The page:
https://www.accessnow.org:443/experts-are-finished-politicians-to-deliver-the-council-of-europe-publishes-expert-recommendations-on-the-human-rights-impacts-of-algorithmic-systems/

Experts are finished, politicians to deliver – the Council of Europe publishes expert recommendations on the human rights impacts of algorithmic systems

On 4 November 2019 the Council of Europe expert committee finalised recommendations on the human rights impacts of algorithmic systems. Access Now welcomes the paper with great enthusiasm. We especially appreciate the high level of expertise reflected in the guidelines for states and private-sector actors addressing the impact of algorithmic systems on individuals’ human rights. We urge the member states to adopt the text in due course and ensure its implementation by both the public and private sector.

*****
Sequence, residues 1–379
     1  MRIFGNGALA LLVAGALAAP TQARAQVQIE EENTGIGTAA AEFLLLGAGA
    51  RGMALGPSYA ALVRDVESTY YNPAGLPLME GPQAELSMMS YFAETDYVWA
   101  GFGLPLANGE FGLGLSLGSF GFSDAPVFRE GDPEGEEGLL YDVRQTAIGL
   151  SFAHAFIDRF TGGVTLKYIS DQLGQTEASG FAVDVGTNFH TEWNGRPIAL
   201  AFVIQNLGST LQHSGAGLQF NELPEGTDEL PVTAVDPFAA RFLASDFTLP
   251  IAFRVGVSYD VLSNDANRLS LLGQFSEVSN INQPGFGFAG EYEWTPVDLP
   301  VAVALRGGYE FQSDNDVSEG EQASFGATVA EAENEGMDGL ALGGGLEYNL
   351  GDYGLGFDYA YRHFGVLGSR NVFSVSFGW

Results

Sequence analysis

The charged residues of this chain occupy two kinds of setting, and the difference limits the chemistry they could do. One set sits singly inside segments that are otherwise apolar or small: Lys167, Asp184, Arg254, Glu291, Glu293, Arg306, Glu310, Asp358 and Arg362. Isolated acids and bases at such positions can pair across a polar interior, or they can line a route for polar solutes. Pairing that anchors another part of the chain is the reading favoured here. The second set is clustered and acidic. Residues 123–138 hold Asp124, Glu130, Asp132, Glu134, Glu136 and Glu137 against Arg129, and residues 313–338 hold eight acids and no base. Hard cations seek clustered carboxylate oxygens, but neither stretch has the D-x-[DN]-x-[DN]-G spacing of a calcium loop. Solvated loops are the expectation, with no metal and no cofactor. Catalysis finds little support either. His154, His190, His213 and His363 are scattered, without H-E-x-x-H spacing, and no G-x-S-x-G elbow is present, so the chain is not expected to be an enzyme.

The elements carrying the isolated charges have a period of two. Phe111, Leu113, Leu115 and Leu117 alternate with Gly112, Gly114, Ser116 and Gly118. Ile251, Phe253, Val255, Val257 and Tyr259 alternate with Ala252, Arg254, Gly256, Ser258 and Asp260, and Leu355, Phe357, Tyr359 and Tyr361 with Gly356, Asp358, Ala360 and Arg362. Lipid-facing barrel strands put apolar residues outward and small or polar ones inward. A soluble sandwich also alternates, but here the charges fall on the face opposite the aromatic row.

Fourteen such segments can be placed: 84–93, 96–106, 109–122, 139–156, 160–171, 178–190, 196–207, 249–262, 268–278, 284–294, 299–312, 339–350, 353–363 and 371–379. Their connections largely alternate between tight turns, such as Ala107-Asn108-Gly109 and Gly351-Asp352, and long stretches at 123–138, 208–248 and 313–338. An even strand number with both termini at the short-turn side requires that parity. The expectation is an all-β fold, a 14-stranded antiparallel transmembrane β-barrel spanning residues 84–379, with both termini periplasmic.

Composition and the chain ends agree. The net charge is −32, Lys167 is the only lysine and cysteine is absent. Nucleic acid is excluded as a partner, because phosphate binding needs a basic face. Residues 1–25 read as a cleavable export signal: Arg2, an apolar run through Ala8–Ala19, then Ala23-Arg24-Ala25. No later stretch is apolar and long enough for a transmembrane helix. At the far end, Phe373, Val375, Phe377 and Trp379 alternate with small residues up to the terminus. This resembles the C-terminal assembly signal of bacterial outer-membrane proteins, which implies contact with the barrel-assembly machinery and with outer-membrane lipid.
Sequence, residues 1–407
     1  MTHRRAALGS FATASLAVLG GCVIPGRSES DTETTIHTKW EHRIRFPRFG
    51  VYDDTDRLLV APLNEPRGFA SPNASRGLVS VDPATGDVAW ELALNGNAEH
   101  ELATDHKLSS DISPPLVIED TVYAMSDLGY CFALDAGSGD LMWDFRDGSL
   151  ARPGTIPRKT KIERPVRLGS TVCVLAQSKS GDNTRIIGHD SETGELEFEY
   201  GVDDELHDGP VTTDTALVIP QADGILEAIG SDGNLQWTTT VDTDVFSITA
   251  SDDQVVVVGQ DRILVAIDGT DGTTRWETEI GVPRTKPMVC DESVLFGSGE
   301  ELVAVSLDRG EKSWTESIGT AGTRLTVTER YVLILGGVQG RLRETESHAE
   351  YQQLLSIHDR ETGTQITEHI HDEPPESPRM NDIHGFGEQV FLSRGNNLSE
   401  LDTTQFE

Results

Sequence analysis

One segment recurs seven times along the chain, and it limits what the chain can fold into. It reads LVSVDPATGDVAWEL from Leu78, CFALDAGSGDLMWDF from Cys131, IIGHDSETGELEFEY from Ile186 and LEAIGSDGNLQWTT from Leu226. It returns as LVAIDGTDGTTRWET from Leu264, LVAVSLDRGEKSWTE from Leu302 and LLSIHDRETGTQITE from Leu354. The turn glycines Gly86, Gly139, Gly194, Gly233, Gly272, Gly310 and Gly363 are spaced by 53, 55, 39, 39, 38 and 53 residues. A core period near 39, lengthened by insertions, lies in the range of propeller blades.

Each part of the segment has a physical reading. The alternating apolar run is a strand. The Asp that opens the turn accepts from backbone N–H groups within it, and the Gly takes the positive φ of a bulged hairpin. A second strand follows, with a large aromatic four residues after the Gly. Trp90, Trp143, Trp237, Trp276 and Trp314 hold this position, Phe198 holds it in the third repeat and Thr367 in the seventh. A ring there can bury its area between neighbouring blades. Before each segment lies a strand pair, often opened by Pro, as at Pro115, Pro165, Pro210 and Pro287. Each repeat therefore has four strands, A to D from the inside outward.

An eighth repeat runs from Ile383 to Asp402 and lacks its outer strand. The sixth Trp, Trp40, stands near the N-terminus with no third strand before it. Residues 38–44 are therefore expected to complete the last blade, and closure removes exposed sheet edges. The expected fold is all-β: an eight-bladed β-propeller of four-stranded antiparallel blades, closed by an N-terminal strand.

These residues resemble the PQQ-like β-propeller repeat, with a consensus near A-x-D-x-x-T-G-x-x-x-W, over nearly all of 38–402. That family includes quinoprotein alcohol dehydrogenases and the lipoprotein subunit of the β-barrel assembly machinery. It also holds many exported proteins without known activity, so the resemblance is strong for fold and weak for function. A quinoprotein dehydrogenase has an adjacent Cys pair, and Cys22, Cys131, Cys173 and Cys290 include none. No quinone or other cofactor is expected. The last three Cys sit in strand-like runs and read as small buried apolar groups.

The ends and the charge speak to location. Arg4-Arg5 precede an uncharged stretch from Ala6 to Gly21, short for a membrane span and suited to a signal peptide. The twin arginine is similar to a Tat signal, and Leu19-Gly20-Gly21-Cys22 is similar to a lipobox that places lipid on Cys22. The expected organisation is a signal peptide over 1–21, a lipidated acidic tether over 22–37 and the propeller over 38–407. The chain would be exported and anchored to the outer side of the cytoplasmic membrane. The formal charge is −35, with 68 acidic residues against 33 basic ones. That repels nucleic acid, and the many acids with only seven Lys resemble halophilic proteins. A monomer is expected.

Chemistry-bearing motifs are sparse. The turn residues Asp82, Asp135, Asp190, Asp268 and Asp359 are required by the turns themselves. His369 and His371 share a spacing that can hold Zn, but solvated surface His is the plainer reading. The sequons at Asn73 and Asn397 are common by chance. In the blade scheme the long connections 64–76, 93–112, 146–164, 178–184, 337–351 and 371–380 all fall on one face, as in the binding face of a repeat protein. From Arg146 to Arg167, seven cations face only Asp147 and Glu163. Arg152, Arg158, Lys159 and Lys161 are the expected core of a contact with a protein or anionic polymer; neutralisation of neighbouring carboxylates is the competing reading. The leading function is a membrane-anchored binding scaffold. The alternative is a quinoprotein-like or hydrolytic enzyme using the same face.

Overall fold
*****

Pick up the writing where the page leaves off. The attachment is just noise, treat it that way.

The recommendations were prepared in the Committee of experts on human rights dimensions of automated data processing and different forms of artificial intelligence (MSI-AUT). The expert paper is now final. It was sent to the Committee on Media and Information Society (CDMSI) and is now publicly available. The CDMSI consists of governments’ representatives nominated by member states. They can table modifications and new text directly to the Committee of Ministers. The expert committee’s work is now finished and it depends on the committee members what the final outcome will be. According to the publicly available timeline, their review will take place in early December. Access Now urges all representatives in CDMSI to adopt the strongest possible recommendations to prevent and mitigate the negative impacts of algorithms on human rights.